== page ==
By Daryl G. Kimball, Executive Director
Tonight in Vienna, EU High Representative Catherine Ashton and Iranian Foreign Minister Javad Zarif announced that the negotiations between the United States, other great powers, and Iran to resolve concerns about that country’s nuclear program will continue for as many as four more months.
In a joint statement, Ashton and Zarif said the two sides have agreed to extend the interim agreement (a.k.a. the Joint Plan of Action) reached on November 24, 2013 and will resume talks on a comprehensive agreement within weeks–most likely in mid-August in Vienna–with the goal of concluding a comprehensive deal by late-November.
To this point, the talks have yielded progress and the two sides say there is a credible path forward, but significant gaps remain on key issues.
It is our assessment that a comprehensive agreement to ensure that Iran’s nuclear program is entirely peaceful is still within reach if both sides remain focused and if both sides engage in creative, innovative, and smart diplomacy.
The two sides have also agreed to extend their commitments under the terms of the November 2013 Joint Plan of Action (JPoA), including the cap on enrichment above 5 percent U-235 and a halt to installing additional or new types of centrifuge machines.
The extension of the JPoA agreement prolongs the pause of Iranian nuclear activities of greatest proliferation concern, maintains additional IAEA monitoring measures, and provides the negotiators with the time, the incentives, and pressure necessary to reach a comprehensive agreement in the near future.
In a separate statement, U.S. Secretary of State John Kerry announced additional measures that would be undertaken through the extension of the JPoA. He said:
In this extension, Iran has committed to go one step further and make all of this 20 percent into fuel for the Tehran Research Reactor. Twenty-five kilograms of this material will be converted into fuel by the end of the extension. Once the 20 percent material is in fuel form, it will be very difficult for Iran to use this material for a weapon in a breakout scenario. Attempting to do so would be readily detected by the IAEA and would be an unambiguous sign of an intent to produce a weapon.
In return, we will continue to suspend the sanctions we agreed to under the JPOA and will allow Iran access to $2.8 billion dollars of its restricted assets, the four-month prorated amount of the original JPOA commitment. Let me be clear: Iran will not get any more money during these four months than it did during the last six months, and the vast majority of its frozen oil revenues will remain inaccessible.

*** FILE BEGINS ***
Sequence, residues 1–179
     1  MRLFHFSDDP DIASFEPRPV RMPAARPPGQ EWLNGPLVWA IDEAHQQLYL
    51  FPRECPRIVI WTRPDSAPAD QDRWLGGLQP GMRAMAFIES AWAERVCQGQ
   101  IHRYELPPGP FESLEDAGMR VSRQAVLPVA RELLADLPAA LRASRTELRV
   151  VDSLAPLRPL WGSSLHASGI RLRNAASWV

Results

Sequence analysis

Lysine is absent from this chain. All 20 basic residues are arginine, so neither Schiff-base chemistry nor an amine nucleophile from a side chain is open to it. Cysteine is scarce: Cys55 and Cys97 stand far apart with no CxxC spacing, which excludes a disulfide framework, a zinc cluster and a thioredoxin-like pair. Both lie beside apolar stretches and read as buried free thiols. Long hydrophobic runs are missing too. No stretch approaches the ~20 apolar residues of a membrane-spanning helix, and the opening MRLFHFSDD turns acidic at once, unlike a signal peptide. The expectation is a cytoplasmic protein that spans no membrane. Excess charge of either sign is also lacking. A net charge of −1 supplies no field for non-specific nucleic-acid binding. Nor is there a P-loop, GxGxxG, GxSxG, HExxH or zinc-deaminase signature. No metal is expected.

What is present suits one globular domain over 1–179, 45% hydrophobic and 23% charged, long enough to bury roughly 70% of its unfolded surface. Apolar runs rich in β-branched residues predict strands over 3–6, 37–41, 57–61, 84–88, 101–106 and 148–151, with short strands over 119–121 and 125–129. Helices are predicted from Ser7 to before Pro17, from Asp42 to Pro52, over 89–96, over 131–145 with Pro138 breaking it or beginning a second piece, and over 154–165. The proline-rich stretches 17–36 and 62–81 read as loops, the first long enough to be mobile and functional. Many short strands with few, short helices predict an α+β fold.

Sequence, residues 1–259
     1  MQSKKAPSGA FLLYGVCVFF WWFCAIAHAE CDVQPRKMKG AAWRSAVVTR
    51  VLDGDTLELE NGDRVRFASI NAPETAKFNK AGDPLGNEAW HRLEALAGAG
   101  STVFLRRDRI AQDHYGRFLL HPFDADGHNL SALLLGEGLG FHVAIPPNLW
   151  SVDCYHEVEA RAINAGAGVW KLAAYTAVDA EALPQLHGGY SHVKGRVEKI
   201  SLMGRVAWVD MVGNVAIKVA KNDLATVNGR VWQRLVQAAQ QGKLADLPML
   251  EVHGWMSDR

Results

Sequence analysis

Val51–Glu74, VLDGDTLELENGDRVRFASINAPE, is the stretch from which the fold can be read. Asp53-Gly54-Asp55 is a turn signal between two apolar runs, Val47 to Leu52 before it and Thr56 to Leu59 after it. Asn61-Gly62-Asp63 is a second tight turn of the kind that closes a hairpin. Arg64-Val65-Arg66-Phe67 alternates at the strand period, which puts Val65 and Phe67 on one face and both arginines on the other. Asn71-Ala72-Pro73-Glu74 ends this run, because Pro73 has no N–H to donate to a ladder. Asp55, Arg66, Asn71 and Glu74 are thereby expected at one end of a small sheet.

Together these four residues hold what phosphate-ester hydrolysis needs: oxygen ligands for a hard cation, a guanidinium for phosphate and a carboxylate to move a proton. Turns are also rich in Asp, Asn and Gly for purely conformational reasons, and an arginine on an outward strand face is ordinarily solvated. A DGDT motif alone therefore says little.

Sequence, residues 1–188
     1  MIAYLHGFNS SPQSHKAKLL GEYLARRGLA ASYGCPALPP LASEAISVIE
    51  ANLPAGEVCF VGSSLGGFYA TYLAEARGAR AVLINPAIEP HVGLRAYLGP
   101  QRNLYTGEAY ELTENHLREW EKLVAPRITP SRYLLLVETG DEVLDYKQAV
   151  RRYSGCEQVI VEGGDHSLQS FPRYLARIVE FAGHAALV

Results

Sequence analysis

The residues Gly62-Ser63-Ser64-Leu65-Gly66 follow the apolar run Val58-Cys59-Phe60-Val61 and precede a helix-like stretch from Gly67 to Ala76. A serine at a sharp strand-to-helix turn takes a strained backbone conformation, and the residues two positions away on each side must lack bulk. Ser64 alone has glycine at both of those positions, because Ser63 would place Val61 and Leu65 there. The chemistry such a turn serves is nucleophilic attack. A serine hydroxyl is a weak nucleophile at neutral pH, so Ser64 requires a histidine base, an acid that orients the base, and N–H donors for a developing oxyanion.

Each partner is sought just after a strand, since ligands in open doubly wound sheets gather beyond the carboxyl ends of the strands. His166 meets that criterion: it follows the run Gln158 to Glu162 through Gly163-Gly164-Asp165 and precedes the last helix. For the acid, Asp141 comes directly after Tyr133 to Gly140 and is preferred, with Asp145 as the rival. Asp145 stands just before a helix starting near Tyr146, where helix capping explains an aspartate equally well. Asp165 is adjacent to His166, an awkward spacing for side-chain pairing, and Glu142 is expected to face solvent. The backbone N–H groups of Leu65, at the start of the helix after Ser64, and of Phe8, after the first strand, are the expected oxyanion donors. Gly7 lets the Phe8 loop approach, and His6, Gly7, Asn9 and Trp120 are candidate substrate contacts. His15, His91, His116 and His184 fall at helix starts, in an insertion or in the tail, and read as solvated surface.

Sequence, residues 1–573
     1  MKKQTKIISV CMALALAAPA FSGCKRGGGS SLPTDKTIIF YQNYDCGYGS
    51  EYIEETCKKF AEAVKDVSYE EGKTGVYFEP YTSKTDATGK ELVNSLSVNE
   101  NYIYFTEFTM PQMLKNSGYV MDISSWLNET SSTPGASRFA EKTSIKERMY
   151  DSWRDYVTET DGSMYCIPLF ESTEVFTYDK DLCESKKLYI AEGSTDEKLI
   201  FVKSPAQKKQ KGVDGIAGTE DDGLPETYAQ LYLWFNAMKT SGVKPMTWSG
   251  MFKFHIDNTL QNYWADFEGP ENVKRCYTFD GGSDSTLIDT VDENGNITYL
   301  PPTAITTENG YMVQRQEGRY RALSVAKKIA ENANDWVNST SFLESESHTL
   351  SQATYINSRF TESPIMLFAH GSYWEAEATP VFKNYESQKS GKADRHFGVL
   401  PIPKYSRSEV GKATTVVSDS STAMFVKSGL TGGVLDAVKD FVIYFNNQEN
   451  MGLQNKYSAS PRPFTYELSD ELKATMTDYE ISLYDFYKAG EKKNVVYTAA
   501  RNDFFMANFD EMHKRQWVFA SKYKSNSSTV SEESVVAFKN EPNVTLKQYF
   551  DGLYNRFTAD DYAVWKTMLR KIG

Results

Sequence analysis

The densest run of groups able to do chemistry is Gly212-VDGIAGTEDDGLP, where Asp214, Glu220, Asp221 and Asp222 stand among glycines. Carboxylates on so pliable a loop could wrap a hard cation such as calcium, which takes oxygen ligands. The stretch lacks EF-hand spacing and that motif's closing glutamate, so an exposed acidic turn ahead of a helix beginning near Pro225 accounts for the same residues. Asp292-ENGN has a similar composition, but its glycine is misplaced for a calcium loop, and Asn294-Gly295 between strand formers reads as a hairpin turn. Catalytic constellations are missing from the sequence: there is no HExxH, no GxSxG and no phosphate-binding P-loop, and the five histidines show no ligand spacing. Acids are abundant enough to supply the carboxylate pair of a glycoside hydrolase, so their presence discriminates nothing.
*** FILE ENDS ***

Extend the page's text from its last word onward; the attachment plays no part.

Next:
These additional steps are net-plus for nonproliferation.
It is also important at this critical stage in the process that lawmakers in Washington support the administration’s ongoing efforts at reaching a diplomatic solution. Congress should refrain from actions, such as pursuing new sanctions legislation against Iran, that would undermine the chance for an agreement that would reduce Iran’s nuclear capacity and provide the additional transparency to guard against an illicit dash for nuclear weapons.
Based consultations with knowledgeable officials on both sides, negotiators have made substantial progress on several tough issues, including: strengthening International Atomic Energy Agency (IAEA) inspections and oversight at all of Iran’s nuclear sites and related facilities; re-purposing the underground Fordow enrichment facility into a small-scale research facility; and modifying Iran’s Arak heavy-water reactor to drastically cut its plutonium output.
But the two sides clearly need more time and have more work to do to bridge differences on the deadlines, duration, and sequencing of key steps, as well as finding a solution to the toughest issue: setting limits Iran’s uranium-enrichment capacity over the duration of the agreement.
Negotiators can square the circle on uranium enrichment with a combination of practical but innovative measures that would substantially increase the time Iran would require to produce enough material for nuclear weapons, but would still would address Iran’s right to pursue the peaceful use of nuclear energy.
Some Washington politicians like to say that “no deal is better than a bad deal.” In reality, it is clear that a good deal is better than no deal, and such a deal is still within reach.
Those who argue that there should be no more time for diplomacy, or otherwise seek to block an effective agreement, have a responsibility to present a viable alternative. Without a good, comprehensive agreement:
- There would be no constraints on Iran’s enrichment capacity. Iran could resume enriching uranium to higher levels and increase its stockpiles of enriched uranium. The time required for Iran to produce enough material for nuclear weapons would decrease, not increase.
- Inspections of Iranian facilities would likely continue, but would not be expanded to cover undeclared sites and activities, which would be the most likely pathway to build nuclear weapons if Iran chose to do so.
- Sanctions would remain in effect, and some might be strengthened. Sanctions alone, however, cannot halt Iran’s nuclear progress. Eventually, the willingness of international allies to help implement those sanctions could erode.
We urge both sides to continue to work toward a realistic and effective agreement as soon as possible.